.Relive the Voice Behind ‘Thriller’ in ‘Sonic Fantasy’ at Cinequest

Documentary at Cinequest listens in on stories of a recording genius

Vincent Price had never used headphones before he recorded his spoken-word segment for the Thriller LP in 1982.

Thanks to Cinequest, you can relive the story in Sonic Fantasy, a documentary about recording engineer Bruce Swedien, whose magical conjuring helped save the Thriller project when it was on the brink of failure. The U.S. premiere unfolds Aug. 24 at the California Theatre at 7:15pm, followed by a discussion with the filmmakers. Sonic Fantasy then repeats Aug. 28 and 29 at the Pruneyard Cinemas.

Swedien was one of many geniuses who pooled their resources to make the Thriller album a success, but since sound engineers rarely make headlines, his story is long overdue, especially since Swedien passed away in 2020. Anyone with 500 microphones in his collection deserves his own documentary.

Unfortunately, we don’t hear one second of the music—the whole film is composed of interviews, plus a few dorky animated bits just to fill space—which is fine because everyone knows the album and I wanted to hear the stories anyway. And stories there were. In the film, we hear emotional, intimate and magical stuff from Swedien himself, plus his assistants and many of the musicians and producers who participated in the sessions, including Steve Porcaro of Toto, who wrote the tune “Human Nature,” and his bandmate Steve Lukather, both of whom were there for the whole Thriller project.

Listening to these guys describe working with Michael Jackson adds a whole new dimension to the plethora of media travesties we all remember. The only voice missing is Quincy Jones, unfortunately. I’m not sure there are a whole lot of new revelations, but, again, the stories kept my attention. As a washed-up sound engineer myself, I was, um, thrilled to see Swedien get his due. He really was the wizard that pulled the now-famous nine-day marathon remix of the album on deadline, after the whole project had failed to become what everyone wanted. Everyone in the film testifies over and over to the genius of Swedien. It was a joy to watch.

But what if Vincent Price and Toto are not your cups of tea? I don’t see why they wouldn’t be, but in case they’re not, you still have time. There’s much to choose from. Plenty of films will screen every day, all day, through the 31st.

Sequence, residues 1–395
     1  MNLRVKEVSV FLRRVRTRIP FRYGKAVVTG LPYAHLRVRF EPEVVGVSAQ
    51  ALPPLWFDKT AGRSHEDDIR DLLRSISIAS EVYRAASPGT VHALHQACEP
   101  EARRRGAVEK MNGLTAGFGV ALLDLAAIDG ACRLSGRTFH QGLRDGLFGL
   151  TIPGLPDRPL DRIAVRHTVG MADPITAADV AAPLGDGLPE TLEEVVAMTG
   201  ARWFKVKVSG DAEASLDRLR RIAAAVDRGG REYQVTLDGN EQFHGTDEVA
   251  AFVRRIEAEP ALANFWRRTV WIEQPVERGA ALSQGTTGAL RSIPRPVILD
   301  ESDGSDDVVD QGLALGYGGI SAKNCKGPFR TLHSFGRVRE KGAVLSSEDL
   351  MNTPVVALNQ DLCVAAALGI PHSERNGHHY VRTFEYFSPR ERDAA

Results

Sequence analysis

As Cinequest launched last week, the festival was significantly stripped down and subdued this year: no happy-hour soirees for attendees to mob the pasta buffet, no thumping DJ afterparties, no Caffe Frascati supplying rickety urns of hangover coffee for the VIP Lounge. But in spite of it all, everyone felt the festival vibes and seemed relieved to return again.

Linoleum, the opening-night film, for example, featured Jim Gaffigan as a wannabe astronaut who hosts a failing children’s science TV show during the space-race era, replete with dial telephones and beater wood-panel station wagons in a suburban Ohio hamlet. Then a rocket crashes in his backyard, triggering him to rebuild it and launch himself into space, possibly to make his late father proud. Without spoiling it, Gaffigan’s midlife crisis then presents itself as a hall of narrative mirrors, with time, memory and nostalgia all taking center stage as he looks back on his life, his future, and a strained relationship with his current family. We go along for the ride as he slowly pieces it all together. You will need to watch the film more than once before you catch everything. And that’s a compliment.

Following the film, Gaffigan then received the Maverick Spirit Award, putting him in the same league as Harrison Ford, Neil Gaiman, Rosario Dawson, Andie MacDowell, Werner Herzog and countless others. The resulting banter on stage evolved into a glorious, poignant and hysterical matrix of back-and-forth between Gaffigan, director Colin West and “the two Chads” who produced the project. In any case, it was a classic Cinequest award-night conversation. One for the books.

Of course, if downtown San Jose ain’t your bag, that’s fine. Pruneyard is also participating. Flip through the schedule and see what you find. Cinequest is the type of festival that always provides unexpected encounters of the human and cinematic sort.

Gary Singh
Gary Singhhttps://www.garysingh.info/
Gary Singh’s byline has appeared over 1500 times, including newspaper columns, travel essays, art and music criticism, profiles, business journalism, lifestyle articles, poetry and short fiction. He is the author of The San Jose Earthquakes: A Seismic Soccer Legacy (2015, The History Press) and was recently a Steinbeck Fellow in Creative Writing at San Jose State University. An anthology of his Metro columns, Silicon Alleys, was published in 2020.

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